“Getting vaccinated is the most important way, although certainly not the only way, in which we can all protect each other, as we get through this next phase of the pandemic.”

Omicron appears milder than Delta according to preliminary studies published in the UK and South Africa.

Early evidence suggests fewer people are needing hospital treatment than with other variants – with estimates ranging from a 30% to 70% reduction. But a concern remains that even if Omicron is milder, the sheer number of cases could overwhelm the NHS.

The new variant has become the dominant strain of Covid-19 in Scotland, leading to a spike in case numbers in recent weeks.

Sturgeon announced last week that restrictions on hospitality and events would return after Christmas, with outdoor gatherings limited to 500 people, indoor seated events capped at 200, and standing at 100.

Nightclubs have also been ordered to close, while social distancing between groups and table service will be mandated for other hospitality premises.

Christmas gatherings were allowed to go ahead, although ministers and officials urged Scots to limit the numbers in attendance as much as possible.

National clinical director, Professor Jason Leitch, told BBC Radio Scotland: “You can celebrate Christmas – nobody can cancel Christmas, it’s impossible to cancel Christmas.

“I hope that everybody listening has a fantastic family and loved one-centred Christmas. How you do that is up to you, but we’re asking you to be as careful and as cautious as you can be. The virus is rising again because of the new variant.”

“The Omicron variant is coming, but behaviour and vaccines are keeping it at bay a little.”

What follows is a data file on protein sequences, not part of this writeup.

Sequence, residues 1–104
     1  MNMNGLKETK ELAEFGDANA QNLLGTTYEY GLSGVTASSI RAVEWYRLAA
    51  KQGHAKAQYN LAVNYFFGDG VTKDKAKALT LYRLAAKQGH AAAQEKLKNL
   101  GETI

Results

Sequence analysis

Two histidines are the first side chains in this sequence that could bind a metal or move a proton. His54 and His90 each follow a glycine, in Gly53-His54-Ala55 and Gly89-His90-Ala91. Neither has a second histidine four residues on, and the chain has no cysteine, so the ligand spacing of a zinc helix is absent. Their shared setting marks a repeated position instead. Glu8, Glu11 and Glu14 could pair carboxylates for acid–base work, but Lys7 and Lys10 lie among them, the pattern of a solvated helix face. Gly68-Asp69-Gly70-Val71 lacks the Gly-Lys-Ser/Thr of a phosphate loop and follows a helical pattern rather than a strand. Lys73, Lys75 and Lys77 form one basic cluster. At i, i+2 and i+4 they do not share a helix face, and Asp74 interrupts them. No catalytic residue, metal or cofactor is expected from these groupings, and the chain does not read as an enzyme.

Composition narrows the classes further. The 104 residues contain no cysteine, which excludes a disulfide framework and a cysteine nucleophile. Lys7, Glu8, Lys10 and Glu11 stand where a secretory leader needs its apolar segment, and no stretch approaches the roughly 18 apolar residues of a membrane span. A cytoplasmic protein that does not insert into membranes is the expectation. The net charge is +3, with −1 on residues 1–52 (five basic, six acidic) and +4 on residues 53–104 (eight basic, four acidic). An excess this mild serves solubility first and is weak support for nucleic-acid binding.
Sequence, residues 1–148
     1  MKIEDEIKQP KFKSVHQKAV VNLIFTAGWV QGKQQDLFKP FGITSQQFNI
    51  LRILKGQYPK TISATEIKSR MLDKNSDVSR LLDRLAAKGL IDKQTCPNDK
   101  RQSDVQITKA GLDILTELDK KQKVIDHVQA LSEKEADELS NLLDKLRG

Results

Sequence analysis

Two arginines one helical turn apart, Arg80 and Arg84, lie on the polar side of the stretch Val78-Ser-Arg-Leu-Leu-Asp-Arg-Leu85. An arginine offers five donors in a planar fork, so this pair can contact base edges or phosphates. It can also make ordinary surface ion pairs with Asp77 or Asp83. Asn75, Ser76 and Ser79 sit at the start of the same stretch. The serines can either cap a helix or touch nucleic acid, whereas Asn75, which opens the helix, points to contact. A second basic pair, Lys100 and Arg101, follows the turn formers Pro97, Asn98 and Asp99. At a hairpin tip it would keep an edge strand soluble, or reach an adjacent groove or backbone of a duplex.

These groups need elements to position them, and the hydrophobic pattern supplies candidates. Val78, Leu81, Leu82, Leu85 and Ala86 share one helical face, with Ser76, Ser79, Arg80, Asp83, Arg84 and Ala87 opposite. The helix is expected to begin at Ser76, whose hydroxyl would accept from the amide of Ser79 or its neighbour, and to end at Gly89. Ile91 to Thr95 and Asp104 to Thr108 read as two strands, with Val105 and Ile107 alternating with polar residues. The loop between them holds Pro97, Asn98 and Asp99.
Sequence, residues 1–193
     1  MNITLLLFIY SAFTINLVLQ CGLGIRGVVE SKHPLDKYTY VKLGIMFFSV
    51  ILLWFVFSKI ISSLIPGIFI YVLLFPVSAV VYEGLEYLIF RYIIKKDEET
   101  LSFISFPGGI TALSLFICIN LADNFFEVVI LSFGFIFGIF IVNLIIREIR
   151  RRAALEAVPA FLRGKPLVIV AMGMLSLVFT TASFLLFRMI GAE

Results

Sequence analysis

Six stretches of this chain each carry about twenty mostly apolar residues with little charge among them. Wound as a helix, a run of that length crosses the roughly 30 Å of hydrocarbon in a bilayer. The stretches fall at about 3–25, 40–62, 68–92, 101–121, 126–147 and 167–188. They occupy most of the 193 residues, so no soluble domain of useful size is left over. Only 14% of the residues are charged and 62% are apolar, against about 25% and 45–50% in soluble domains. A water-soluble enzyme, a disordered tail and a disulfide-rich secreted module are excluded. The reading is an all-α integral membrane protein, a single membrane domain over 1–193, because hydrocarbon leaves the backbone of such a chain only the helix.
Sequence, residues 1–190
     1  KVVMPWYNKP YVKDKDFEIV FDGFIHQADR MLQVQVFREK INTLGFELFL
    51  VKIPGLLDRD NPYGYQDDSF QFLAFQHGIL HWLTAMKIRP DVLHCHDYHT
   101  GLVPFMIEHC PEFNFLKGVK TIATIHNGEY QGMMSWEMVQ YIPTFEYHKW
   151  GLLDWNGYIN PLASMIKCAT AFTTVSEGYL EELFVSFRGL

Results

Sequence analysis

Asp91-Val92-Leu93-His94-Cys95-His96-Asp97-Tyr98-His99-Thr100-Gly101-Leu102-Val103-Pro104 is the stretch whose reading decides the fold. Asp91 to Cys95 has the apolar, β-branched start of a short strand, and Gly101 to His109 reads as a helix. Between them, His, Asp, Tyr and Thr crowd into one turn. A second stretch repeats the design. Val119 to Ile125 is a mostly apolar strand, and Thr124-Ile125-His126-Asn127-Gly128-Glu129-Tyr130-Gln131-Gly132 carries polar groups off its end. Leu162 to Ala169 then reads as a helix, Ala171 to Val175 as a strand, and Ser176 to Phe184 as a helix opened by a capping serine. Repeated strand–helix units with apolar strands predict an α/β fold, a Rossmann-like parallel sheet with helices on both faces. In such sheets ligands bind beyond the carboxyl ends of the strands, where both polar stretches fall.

Hospital cases climb as statistician warns of more big rises

The number of people in hospital with Omicron almost doubled in a day, from 24 on Thursday to 42 on Christmas Eve.

Meanwhile, cases in Scotland of the new Covid variant have more than doubled, Scottish Government figures show.

By Thursday night, 3,832 confirmed cases had been reported, taking the total number of cases of the new variant to 6,154.

However, the rise was partly due to a backlog of tests to identify the strain being received by Public Health Scotland. Meanwhile, the Office Of National Statistics has estimated that 1.7 million people in the UK had Covid in the week ending December 19, the highest number since comparable figures began in autumn 2020.

National statistician Sir Ian Diamond said there were some indications of people taking more care in response to the threat of Omicron, which spreads far faster than previous strains. However, he told BBC Radio 4: “At the moment I think it’s far too early to suggest that we will see anything other than a continued rise.”

He said the sobering figures showed “really big increases” in Covid-19 cases, with London “clearly the epicentre of the Omicron epidemic” with numbers going up “really steeply”.